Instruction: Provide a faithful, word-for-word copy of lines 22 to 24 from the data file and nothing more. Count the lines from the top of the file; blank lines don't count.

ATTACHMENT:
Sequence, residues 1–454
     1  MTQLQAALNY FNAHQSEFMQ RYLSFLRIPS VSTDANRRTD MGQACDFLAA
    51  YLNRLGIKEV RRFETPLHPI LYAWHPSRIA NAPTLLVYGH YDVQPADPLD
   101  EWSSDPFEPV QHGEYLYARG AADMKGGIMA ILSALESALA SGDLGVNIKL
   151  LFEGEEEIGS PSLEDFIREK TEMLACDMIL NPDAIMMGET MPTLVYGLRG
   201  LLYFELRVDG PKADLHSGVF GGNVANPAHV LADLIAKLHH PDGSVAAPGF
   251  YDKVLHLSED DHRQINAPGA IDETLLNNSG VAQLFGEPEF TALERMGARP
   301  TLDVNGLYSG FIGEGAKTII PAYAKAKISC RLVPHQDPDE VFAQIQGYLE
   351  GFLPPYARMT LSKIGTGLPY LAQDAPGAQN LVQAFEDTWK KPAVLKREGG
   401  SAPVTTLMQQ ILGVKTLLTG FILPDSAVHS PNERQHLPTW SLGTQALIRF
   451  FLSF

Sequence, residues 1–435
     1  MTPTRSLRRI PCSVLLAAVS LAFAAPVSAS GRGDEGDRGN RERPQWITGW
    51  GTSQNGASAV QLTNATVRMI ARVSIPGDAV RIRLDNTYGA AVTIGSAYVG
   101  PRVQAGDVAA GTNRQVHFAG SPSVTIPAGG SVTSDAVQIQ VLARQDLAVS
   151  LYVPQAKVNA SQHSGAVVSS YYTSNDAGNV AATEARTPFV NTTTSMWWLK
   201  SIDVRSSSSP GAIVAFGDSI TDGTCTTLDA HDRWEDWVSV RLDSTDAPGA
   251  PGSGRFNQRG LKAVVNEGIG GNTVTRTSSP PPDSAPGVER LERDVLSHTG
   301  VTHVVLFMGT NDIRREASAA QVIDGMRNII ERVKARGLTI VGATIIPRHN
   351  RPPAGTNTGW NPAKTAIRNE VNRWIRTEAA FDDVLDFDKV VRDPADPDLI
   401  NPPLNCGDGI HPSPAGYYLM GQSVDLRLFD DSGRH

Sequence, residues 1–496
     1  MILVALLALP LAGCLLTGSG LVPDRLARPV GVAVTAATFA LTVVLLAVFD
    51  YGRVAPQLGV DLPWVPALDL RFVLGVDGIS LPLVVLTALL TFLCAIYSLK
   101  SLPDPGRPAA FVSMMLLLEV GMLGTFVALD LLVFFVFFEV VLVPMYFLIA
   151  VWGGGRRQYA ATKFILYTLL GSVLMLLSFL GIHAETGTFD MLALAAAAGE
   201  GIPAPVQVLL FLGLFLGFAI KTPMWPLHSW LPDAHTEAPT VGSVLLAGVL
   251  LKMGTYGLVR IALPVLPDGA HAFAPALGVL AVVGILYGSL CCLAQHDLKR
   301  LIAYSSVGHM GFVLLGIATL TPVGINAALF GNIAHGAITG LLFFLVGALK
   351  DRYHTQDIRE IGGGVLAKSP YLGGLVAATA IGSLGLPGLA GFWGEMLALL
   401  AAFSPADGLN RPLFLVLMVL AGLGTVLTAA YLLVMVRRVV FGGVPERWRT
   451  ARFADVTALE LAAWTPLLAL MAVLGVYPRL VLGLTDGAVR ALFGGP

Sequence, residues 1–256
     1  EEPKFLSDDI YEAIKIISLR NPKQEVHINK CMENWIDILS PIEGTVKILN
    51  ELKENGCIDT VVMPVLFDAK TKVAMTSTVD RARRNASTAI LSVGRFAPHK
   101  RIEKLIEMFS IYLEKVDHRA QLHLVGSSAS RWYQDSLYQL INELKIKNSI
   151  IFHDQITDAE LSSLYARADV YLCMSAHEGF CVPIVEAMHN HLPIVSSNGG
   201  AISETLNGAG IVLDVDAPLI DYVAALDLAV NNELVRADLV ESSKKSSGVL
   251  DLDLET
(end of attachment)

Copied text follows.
Sequence, residues 1–496
     1  MILVALLALP LAGCLLTGSG LVPDRLARPV GVAVTAATFA LTVVLLAVFD
    51  YGRVAPQLGV DLPWVPALDL RFVLGVDGIS LPLVVLTALL TFLCAIYSLK